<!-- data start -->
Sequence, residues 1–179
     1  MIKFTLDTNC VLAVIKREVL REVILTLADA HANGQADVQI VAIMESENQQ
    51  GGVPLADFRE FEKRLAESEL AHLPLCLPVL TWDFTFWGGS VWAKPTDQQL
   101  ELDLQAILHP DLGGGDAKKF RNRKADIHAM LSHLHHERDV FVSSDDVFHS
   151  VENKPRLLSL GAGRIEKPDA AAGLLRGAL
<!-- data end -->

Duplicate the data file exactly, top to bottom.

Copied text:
Sequence, residues 1–179
     1  MIKFTLDTNC VLAVIKREVL REVILTLADA HANGQADVQI VAIMESENQQ
    51  GGVPLADFRE FEKRLAESEL AHLPLCLPVL TWDFTFWGGS VWAKPTDQQL
   101  ELDLQAILHP DLGGGDAKKF RNRKADIHAM LSHLHHERDV FVSSDDVFHS
   151  VENKPRLLSL GAGRIEKPDA AAGLLRGAL